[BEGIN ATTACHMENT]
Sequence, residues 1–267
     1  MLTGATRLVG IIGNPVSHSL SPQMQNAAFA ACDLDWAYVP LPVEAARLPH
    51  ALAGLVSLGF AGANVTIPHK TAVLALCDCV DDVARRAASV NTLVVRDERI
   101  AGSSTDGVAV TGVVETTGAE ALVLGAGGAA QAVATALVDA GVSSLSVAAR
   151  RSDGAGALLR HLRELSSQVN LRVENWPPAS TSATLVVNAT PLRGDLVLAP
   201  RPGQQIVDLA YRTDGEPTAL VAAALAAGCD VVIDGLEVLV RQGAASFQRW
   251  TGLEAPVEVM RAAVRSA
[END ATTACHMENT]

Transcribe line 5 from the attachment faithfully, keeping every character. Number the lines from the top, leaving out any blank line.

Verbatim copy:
   151  RSDGAGALLR HLRELSSQVN LRVENWPPAS TSATLVVNAT PLRGDLVLAP